Cairo is one of the world’s largest and most fascinating settlements. Around 10 million people live in the centre of the city, with at least as many again in the Greater Cairo area. Bisected by the River Nile and packed full of historical sights, it needs to be on any Egypt itinerary. Here are our picks for what not to miss on a trip to Cairo.
The Pyramids and Sphinx
The Pyramids of Giza are the only one of the Seven Wonders of the Ancient World to survive relatively intact. They have been listed as a UNESCO World Heritage Site since 1979. This group of pyramids were built as tombs for three Egyptian kings: Khufu, Khafre, and Menkaure. Plundered extensively in the past, they contain no grave goods. The limestone that once capped the pyramids has largely gone too. However, despite this, they remain one of the most incredible places to visit anywhere in the world. Adjacent you’ll find the Great Sphinx of Giza.
The Egyptian Museum (Museum of Egyptian Antiquities)
Anyone with a keen interest in Egypt should pay a visit to this museum, for it houses the largest collection of Pharaonic antiquities in the world. Inside, you’ll find exhibits such as wooden sarcophagi, statues, textiles and coins. Most famous of all is the funerary mask of Tutankhamun. It was recovered from the Valley of the Kings near Luxor in the 1920s. Even the building itself is breathtaking. Its design was the result of a architecture competition held in the late 19th century.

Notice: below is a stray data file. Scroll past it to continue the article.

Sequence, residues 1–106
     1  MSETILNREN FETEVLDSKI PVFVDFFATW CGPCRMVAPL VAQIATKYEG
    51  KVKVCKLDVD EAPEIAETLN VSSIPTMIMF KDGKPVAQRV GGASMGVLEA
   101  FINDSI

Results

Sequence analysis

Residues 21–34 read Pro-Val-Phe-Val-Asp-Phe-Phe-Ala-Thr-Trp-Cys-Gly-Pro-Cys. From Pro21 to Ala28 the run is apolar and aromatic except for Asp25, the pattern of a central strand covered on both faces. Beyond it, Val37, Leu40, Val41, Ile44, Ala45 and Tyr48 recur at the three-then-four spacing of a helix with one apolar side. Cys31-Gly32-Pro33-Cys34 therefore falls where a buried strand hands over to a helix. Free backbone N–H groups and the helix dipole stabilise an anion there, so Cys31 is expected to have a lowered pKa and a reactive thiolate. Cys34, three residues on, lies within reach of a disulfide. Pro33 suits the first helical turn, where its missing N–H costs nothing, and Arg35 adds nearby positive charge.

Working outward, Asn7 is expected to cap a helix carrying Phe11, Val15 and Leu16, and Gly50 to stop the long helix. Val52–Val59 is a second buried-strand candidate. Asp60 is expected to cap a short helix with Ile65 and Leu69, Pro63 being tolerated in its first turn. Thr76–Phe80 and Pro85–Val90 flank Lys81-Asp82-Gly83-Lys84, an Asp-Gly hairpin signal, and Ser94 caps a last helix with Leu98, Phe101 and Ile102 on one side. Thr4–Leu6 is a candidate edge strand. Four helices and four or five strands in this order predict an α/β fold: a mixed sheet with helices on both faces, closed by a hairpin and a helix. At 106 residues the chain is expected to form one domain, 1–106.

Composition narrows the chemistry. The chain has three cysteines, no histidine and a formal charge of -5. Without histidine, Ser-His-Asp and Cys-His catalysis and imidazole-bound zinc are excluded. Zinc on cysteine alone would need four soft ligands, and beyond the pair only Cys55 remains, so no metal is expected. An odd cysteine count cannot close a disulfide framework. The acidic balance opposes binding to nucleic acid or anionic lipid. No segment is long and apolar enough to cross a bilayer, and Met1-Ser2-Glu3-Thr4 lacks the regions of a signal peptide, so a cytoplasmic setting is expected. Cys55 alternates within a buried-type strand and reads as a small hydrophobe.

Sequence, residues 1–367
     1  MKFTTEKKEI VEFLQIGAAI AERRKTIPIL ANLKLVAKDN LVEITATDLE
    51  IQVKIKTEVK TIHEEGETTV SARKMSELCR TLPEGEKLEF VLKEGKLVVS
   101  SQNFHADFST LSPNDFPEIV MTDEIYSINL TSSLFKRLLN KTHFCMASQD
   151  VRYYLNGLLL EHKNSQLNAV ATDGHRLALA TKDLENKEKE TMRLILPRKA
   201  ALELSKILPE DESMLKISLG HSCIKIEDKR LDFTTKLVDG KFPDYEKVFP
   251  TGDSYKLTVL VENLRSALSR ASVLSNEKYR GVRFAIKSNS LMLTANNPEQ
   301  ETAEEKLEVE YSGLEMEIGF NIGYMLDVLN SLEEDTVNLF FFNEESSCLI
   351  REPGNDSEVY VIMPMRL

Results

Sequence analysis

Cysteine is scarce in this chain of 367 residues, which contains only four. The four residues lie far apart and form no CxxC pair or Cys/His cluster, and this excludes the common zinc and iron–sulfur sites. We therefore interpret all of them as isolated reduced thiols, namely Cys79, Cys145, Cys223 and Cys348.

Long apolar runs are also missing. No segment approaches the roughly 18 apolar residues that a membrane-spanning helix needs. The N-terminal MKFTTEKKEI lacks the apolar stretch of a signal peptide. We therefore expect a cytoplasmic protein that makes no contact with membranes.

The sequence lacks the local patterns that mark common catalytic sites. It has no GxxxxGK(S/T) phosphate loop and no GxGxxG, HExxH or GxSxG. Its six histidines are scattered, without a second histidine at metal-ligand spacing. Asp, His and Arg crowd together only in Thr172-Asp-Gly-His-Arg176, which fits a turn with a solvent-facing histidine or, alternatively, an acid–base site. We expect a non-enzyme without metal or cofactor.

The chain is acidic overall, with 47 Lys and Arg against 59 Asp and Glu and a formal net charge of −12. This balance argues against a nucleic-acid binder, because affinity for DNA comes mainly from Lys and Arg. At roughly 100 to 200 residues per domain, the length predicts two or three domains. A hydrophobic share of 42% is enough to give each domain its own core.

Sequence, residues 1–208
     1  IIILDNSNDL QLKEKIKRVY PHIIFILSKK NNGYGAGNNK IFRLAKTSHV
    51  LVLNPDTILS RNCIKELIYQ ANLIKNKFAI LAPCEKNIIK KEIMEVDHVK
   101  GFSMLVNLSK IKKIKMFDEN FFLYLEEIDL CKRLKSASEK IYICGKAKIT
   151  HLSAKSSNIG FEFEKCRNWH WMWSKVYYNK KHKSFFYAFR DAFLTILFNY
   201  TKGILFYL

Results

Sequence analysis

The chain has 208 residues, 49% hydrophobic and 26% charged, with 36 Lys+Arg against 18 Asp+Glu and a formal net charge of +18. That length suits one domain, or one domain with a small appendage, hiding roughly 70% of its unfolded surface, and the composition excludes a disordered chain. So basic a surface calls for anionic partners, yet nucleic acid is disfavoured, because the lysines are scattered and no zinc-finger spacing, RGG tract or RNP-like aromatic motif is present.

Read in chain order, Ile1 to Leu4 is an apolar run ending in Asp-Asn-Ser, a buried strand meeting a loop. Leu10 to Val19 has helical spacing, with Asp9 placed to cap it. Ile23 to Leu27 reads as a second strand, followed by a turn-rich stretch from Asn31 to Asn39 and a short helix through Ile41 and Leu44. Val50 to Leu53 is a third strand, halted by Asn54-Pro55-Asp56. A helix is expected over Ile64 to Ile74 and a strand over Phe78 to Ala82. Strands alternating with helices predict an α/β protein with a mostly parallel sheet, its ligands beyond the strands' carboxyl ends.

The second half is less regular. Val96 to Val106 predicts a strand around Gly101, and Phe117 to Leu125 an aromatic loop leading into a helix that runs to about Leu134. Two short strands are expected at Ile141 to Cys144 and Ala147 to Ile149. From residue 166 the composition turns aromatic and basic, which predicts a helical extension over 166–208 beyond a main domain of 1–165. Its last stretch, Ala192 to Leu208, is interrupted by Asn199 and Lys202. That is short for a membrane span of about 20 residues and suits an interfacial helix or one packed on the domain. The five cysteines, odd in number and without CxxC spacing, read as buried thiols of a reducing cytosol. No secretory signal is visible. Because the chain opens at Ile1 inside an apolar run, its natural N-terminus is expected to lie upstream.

Khan el-Khalili bazaar
The Khan el-Khalili is Cairo’s largest and most famous bazaar. It dates from the 14th century. Much of what it sells these days is aimed at the tourist market. You can buy pretty much anything there, including lanterns, jewellery, silverware and carpets. Follow your nose to stalls heaped with spices or incense. When you’re all shopped out, take a break in one of its many coffee houses or try some delicious street food cooked to order.
Handpicked Luxury Hotels
The Nile is the longest river in the world. It travels the length of Egypt headed for the Mediterranean Sea. By the time it reaches Cairo, it’s almost reached the end of its 4,132 mile (6,650 kilometre) journey and is impressively wide. In the heat of summer, there’s nothing better than to take a boat trip and see the city from a different perspective.
Perched on Rawdah (Roda) Island on the Nile, the Manial Palace is one of Cairo’s most splendid buildings. Its sumptuous interior has a jaw-dropping beauty. Inside, you’ll see a mix of Islamic, Persian, Mamluk and Ottoman styles, alongside Andalusian, Moroccan and Syrian motifs. Yet the palace is a surprisingly modern addition to the Cairene cityscape. Prince Muhammad Ali Tawfik had it built at the turn of the 20th century.
Coptic Cairo lies among the rabbit warren of streets that is Old Cairo. This neighbourhood is packed with interesting sights, including Babylon Fortress which forms the foundations of many more recent structures. One of them is the Hanging Church, which stands on its gatehouse. Other must-sees include the Greek Church of St George and the century-old Coptic Museum.
If you’d like us to help you plan a trip to Cairo, why not get in touch with Mundana today?